What is GnuCash
GnuCash is a double-entry accounting package that can handle personal as well as business accounting needs. It's packed with all of the features that have become standard fare for accounting applications. GnuCash is simple to use and highly intuitive.
The earliest recorded release of GnuCash was version 1.2.1 on 4/27/2000. This was the first truly stable release of GnuCash. GnuCash is written in C and Scheme, is cross-platform, available for Linux, FreeBSD, Solaris, UNIX, OS X, and Windows. Currently GnuCash is on its 2.2.7 release (as of September 2008).
GnuCash offers a standard double-entry accounting package set of features including:
- Double-entry bookkeeping
- Scheduled Transactions
- Mortgage & Loan Repayment Druid
- Small Business Accounting Features
- OFX, QIF Import
- HBCI Support (disabled in pre-compiled binaries due to licensing conflicts)
- Transaction-Import Matching Support
- (Limited) Multi-User SQL Support
- Multi-Currency Transaction Handling
- Stock/Mutual Fund Portfolios
- Online Stock & Mutual Fund Quotes
GnuCash features a checkbook-style register that is customizable and will instantly feel familiar to the user. The register supports check and credit card transactions as well as income/stock/currency transactions. GnuCash supports automated transactions, has a tabbed interface to allow multiple accounts to be opened at once, and has a powerful search function.
GnuCash Accounts Window
Getting and Installing
Installing GnuCash is simple. There are two ways to manage this task: via the graphical installation tool or via the command line. To install via the graphical installation open up your installer (Yumex, Synaptic, rpmdrake), do a search for "gnucash", select the results, and click apply. To install via the command line you will issue one of the following commands (depending upon your distribution):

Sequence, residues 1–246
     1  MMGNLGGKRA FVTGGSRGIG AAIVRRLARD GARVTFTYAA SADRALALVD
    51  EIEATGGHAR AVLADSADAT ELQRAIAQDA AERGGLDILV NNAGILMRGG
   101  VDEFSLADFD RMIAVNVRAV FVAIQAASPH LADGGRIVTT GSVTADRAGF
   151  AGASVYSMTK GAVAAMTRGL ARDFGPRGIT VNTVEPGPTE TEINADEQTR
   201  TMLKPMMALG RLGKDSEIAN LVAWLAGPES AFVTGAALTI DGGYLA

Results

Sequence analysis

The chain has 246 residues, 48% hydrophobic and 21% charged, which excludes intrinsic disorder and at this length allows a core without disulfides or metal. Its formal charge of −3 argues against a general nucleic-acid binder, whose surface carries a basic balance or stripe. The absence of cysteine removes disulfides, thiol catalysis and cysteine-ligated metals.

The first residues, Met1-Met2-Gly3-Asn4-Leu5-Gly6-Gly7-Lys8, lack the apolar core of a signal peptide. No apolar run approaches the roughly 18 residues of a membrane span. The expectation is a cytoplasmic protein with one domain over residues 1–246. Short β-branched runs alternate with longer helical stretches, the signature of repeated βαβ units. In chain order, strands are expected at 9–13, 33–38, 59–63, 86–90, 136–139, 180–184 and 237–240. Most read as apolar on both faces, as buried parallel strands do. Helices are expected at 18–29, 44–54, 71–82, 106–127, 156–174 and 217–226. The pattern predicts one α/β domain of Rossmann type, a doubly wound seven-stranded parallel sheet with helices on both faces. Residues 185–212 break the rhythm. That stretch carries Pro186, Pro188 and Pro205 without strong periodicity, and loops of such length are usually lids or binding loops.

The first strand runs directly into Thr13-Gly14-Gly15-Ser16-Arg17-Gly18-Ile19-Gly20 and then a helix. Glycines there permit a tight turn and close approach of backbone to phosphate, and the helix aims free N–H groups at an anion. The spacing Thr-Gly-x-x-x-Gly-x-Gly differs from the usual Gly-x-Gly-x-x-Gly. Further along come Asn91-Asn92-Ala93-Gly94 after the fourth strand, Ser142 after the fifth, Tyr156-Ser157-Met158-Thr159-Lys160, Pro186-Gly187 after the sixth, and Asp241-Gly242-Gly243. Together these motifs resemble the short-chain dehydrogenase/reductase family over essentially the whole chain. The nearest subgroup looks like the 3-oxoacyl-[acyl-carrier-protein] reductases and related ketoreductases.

sudo apt-get install gnucash
Once GnuCash is installed you will find it located in your desktops' Office menu. If you do not find a menu entry for GnuCash you can open up your desktops' "Run Command" window (from the main menu) and issue the command gnucash to start the application.
I have been using GnuCash for over five years. It has done an outstanding job of handling all of my accounting and financial needs. There are many small to medium businesses that rely on GnuCash as well. So if you're looking for an accounting package, and you want the security and reliability of Linux – GnuCash is your solution.
This post is part of the series: Linux Applications
- Linux Applications: OpenOffice
- Linux Applications: The GIMP
- Linux Applications: Scribus
- Linux Applications: GnuCash
- Linux Applications: Dropbox
- Linux Applications: K3B
- Linux Applications: Evolution
- Linux Applications: Konqueror